Maori Economic Development Panel
Exceltium was commissioned in mid 2012 by the Maori Economic Development Panel, Te Puni Kokiri and the Ministry of Business, Innovation and Employment to help refine, launch and implement He Kai Kei Aku Ringa, the Panel’s Strategy to 2040. Exceltium established a coalition of more than a dozen of New Zealand’s most important private sector entities – including Fonterra, Zespri and Westpac – to publicly endorse the Strategy and provide active support for its implementation.
Canterbury Earthquake Recovery Authority
During the second half of 2012, Exceltium assisted the Canterbury Earthquake Recovery Authority with the development of a strategy to attract local, national and international investment to the city, following the launch of the Christchurch Central Recovery Plan. Exceltium engaged with the international investment community to gauge perceptions of opportunities in Christchurch, established the Invest Christchurch investment facilitation service, and designed and implemented communications initiatives to support the strategy, including the Invest Christchurch newsletter.
Fonterra Shareholders’ Council
Drawing on the extensive dairy industry experience of its own senior team, Exceltium has worked closely with the Fonterra Shareholders’ Council to help it to achieve its policy objectives. In particular, these relate to possible changes to the Dairy Industry Restructuring Act, milk prices, Fonterra’s Trading Among Farmers scheme, and local body representation.
Sir Michael Fay
Exceltium’s work with Sir Michael Fay and his $170 million attempt to purchase the Crafar farms ahead of a rival Chinese consortium began in 2011. Having developed a media strategy, Alan McDonald acted as the Fay bid’s media spokesman, while Matthew Hooton managed government and opposition relations. The Fay bid went all the way through judicial review and the high court, harnessing public sentiment and placing extreme pressure on government policy.
Medical Technology Association of New Zealand (MTANZ)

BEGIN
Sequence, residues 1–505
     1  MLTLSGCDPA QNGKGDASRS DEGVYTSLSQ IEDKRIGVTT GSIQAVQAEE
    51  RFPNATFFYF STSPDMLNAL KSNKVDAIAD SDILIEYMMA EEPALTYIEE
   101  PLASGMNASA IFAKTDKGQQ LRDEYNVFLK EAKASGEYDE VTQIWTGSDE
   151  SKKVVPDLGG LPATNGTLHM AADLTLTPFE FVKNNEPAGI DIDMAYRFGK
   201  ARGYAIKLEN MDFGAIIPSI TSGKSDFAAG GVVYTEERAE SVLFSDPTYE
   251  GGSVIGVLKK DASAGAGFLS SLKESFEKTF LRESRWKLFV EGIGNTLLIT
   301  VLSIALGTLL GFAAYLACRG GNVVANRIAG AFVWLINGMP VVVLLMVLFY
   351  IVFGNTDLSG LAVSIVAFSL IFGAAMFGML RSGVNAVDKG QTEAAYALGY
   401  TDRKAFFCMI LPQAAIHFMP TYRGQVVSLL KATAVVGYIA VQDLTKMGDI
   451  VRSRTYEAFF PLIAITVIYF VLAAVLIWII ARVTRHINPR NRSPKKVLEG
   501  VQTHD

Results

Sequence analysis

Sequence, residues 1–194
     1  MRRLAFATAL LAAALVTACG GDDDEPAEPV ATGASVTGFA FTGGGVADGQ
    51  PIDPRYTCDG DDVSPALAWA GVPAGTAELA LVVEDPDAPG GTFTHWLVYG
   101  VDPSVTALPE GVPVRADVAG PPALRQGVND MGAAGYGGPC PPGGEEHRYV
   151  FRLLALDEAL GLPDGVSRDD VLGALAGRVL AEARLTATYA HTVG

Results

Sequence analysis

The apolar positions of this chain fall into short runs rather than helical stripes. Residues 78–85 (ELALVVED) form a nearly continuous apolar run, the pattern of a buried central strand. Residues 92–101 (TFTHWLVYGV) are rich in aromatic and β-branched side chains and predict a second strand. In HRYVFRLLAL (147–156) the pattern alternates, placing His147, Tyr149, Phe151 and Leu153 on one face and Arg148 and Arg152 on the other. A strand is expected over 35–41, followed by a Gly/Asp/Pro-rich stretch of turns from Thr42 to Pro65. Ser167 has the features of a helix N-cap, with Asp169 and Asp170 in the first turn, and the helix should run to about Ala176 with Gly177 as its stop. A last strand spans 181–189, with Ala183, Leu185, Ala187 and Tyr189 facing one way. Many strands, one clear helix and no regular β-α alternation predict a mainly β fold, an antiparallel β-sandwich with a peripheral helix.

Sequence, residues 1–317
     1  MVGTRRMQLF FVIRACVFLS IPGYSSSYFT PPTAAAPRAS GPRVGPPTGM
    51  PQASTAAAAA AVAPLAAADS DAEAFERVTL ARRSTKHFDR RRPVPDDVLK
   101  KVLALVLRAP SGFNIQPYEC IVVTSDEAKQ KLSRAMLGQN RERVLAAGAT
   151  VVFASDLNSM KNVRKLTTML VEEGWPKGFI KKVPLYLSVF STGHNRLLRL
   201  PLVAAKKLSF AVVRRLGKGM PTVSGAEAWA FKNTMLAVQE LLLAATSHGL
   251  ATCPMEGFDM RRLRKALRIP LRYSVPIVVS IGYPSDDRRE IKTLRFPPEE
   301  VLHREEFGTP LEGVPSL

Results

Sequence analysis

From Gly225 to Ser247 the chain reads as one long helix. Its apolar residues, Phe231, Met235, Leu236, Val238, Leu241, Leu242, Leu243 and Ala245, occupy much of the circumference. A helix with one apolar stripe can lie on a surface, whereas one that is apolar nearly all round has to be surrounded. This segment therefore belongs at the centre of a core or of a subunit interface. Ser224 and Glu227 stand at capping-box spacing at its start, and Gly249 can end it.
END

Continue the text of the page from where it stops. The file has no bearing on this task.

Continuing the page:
From 2010–2012, Exceltium provided government relations and communications advice to MTANZ to help address regulatory risks facing the medical devices industry. In particular, Exceltium helped to build a constituency of support among government and health sector stakeholders for the industry, and for the important contribution it makes to healthcare outcomes and economic growth in New Zealand.
In 2010, Exceltium worked with Sealord, New Zealand’s largest seafood company, to develop and implement an internal communications strategy to guide the roll-out of Sealord’s ‘Our Story’ identity project. Since then, Exceltium has provided ongoing government and media relations advice to help Sealord manage high-profile issues that shape the policy framework for the seafood industry.
Exceltium was closely involved in the entry of 2Degrees into the New Zealand mobile telecommunications market in 2009, and led the successful grassroots campaign to bring down mobile termination rates. Drop the Rate, Mate! brought together a broad coalition of support parties – including the New Zealand Union of Students Association, Federated Farmers, Unite Union and Consumer NZ – and enlisted thousands of supporters online to bring pressure to bear on policy-makers.
Exceltium has a long-standing relationship with Zespri, the world’s largest kiwifruit marketer, and has provided assistance on a number of fronts to secure Zespri’s interests in relation to the regulatory framework for the kiwifruit industry. This includes government relations, issues management and internal and external communications.